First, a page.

Tuesday, December 4, 2012

Geothermal energy - Main advantages and disadvantages

Geothermal energy is basically a heat stored within the earth's core. Geothermal energy is far from being described as a perfect energy source, however, there are more advantages than disadvantages when discussing the geothermal energy.

Geothermal energy advantages:

Geothermal energy is renewable energy source. Geothermal energy is renewable energy source because earth’s heat is being constantly replenished by the radioactive decay of minerals at a rate of 30 TW. 

Geothermal energy is clean source of energy because geothermal power plants are connected with minimum carbon emissions, with most of them are equipped with emission-control systems to reduce the exhaust of greenhouse gases carried by drawn fluids.

Geothermal energy belongs to energy sources that can be directly used. Hot springs have been used for bathing since ancient times and in modern times geothermal energy is directly used to heat homes via geothermal heat pumps.

Geothermal energy is reliable source of energy that does not suffer from intermittency issue like this is the case with some other renewable energy sources, most notably solar and wind. Geothermal heat is available 24-7 and is therefore one of the most reliable renewable energy sources, a one that does not require energy storage solution in order to work reliably.

Geothermal power plants have minimal land and freshwater requirements unlike for instance solar energy which needs large area and plenty of water for cooling. Geothermal plants use only 3.5 square kilometers (1.4 sq mi) per gigawatt of electrical production and require just 20 liters of freshwater per MW/h.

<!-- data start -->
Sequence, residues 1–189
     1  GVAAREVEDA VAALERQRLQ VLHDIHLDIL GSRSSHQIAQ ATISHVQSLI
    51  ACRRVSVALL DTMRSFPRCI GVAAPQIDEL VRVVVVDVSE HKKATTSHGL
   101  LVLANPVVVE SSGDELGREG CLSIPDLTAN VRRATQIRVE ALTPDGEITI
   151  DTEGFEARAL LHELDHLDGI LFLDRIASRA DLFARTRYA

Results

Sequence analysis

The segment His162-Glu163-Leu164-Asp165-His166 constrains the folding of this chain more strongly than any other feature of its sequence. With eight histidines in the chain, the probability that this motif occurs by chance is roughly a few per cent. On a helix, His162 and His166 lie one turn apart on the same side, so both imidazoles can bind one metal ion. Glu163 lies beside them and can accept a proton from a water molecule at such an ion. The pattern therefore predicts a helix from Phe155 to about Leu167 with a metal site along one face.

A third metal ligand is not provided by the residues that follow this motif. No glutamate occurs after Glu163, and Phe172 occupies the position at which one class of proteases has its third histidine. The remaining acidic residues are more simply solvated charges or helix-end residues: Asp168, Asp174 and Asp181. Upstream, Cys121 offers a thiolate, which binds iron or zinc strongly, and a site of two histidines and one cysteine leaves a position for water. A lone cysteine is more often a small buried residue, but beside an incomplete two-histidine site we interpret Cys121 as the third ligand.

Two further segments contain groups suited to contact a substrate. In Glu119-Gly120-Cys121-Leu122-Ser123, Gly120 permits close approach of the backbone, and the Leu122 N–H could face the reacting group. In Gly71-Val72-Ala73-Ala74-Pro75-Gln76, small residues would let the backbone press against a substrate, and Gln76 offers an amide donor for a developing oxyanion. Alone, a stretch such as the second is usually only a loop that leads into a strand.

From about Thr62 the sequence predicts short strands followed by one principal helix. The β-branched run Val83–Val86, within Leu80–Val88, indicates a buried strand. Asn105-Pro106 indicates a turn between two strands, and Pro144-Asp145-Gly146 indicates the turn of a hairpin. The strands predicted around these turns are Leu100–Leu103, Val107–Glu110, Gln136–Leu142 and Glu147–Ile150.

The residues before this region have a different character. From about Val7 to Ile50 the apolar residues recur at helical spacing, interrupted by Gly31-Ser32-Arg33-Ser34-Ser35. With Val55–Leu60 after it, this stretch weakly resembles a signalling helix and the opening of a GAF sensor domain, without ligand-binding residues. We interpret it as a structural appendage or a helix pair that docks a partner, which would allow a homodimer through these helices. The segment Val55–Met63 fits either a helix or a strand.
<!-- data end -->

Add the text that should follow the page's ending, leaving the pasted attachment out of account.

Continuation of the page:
Geysers, California was the subject of local depletion of geothermal resources.

Geothermal energy disadvantages:

The biggest disadvantage of geothermal energy are high upfront costs, most of which refer to exploitation and drilling. Geothermal power plant construction and well drilling currently cost about €2-5 million per generated MW of electricity.

Small number of countries that currently harness geothermal energy. Geothermal energy is currently being harnessed in only 24 countries of the world. The main reason why there aren't more countries involved is because geothermal power plants are currently cost-effective only in areas near tectonic plate boundaries though the recent technological advances such as EGS (enhanced geothermal systems) should significantly expand the range of viable geothermal resources in years to come.

The lack of qualified personnel needed to install geothermal systems. Geothermal energy use isn't widely spread or as popular as this is the case with solar and wind, which means that there is less qualified personnel available to hire and they also cost more.

Local depletion of geothermal resources. This has been the case in several well known geothermal sites such as Geysers. In order to avoid local depletion of geothermal resources extraction of geothermal energy must be closely monitored.

Enhanced geothermal systems can trigger earthquakes therefore severely affecting land stability if not done carefully.